I'm a week into my sugar free month and, apart from probably eating a bit too much fruit as a coping mechanism, plus one mistakenly ordered mocktail over the weekend, I have been doing pretty well all up....considering that in one week, there's been an influx of gourmet chocolates from a returning work colleague, and an afternoon tea to welcome new colleagues that stretched over two days due to excess cake (I'd like to say this was an anomalous week at work, but it's a pretty common scenario).

One of the most successful additions to my daily menu in recent weeks (even before I went sugar free) has been overnight-soaked biodynamic oats for breakfast. Soaked oats are incredibly good for you for a number of reasons, not least of all because the process of soaking rather than cooking means you reduce the levels of phytates (an antinutrient) that are present in the grain (read up more on the benefits of soaking oats here). An additional benefit of using biodynamic oats is that they often aren't steamed (a manufacturing process that helps extend their shelf life), which means they have a much better nutrient profile.

Ok, so the biodynamic label is something I've seen a lot more of since moving back to Australia. Although I'm a bit of a conscious organic foodie type, and have always had a pretty healthy diet (if you ignore the cheese, chocolate and biscuits food groups that have considerably contributed to my waistline over the years), until recently I have to admit I didn't know what biodynamic meant, exactly (activated? organic? unprocessed? All three?)

Google to the rescue!

Or then again maybe not.

The concept of biodynamic systems is more complex than I first realised, and although the techniques employed seem to closely resemble organic and permaculture practices, there are a specific set of licensed standards that are unique to biodynamic agriculture. At face value I couldn't quite understand the difference between permaculture and the biodynamic approach though it appears the tenets of biodynamic farming are a little more rigid and in places these conform to the intuitive ideologies of the founder, Rudolf Steiner, whereas permaculture is a more adaptive approach based on ecological principles. The main crux of the method though, irrespective of some of the magic pixie pseudoscience labels that have been attached, is treating the land as a holistic system, which is more in keeping with the ideals of permaculture vs strict organic farming (which, as far as I can tell, has more to do with how you grow the plants or rear the animals than how you manage the land as an entire system).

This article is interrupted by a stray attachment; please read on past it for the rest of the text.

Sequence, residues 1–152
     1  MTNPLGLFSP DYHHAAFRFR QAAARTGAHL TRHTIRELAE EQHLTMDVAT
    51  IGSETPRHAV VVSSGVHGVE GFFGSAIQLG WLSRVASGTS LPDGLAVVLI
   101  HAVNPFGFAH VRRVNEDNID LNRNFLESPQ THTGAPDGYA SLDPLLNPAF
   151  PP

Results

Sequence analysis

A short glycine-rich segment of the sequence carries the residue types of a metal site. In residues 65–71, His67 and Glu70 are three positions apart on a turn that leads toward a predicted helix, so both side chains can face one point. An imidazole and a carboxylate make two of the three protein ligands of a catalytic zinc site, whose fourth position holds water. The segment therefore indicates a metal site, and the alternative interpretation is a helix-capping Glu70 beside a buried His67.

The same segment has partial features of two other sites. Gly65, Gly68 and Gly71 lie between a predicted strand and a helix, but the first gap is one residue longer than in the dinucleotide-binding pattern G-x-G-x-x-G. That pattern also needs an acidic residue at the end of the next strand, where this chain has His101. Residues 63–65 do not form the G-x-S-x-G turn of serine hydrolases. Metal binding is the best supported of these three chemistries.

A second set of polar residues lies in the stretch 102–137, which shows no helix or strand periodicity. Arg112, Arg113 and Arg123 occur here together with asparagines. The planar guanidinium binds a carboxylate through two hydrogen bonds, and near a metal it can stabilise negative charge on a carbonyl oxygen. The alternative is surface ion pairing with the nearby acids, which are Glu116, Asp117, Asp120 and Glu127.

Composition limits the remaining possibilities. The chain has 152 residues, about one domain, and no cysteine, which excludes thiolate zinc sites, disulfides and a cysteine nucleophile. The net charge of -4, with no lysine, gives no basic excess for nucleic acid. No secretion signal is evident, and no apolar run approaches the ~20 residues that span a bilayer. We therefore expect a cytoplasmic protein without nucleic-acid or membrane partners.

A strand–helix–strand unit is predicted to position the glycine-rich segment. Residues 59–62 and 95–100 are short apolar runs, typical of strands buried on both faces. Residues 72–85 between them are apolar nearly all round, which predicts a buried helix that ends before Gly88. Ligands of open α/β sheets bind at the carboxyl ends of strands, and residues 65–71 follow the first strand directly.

Either way, cooked or soaked, biodynamic or steamed, oats are a super healthy way to start your day. Presoaked biodynamic oats with half a banana keep me full all morning and do a great job at curbing my morning snacking!
Oats, chia seeds, cinnamon, vanilla and pumpkin seeds soaked overnight in yoghurt and milk, topped off with half a banana and a blob of nut butter.
For a great basic recipe plus a few tasty variations, head on over to the Kath Eats Real Food blog


  1. It's funny, I've always wondered what biodynamic was too. I had only caught snippets along the way, like planting by the lunar calendar and the like, so thank you and your soaked oats look fantastic. I'm going to give them a shot x

    1. Cybele, they're really delicious. There's also something satisfying about preparing yourself something to wake up to the night before too. I live in the tropics so I soak mine overnight in the fridge, though if you lived somewhere cooler you could leave them sitting on a benchtop instead. The addition of nut butter, cinnamon and a bit of fruit helps offset the need for a sprinkle of sugar. Enjoy!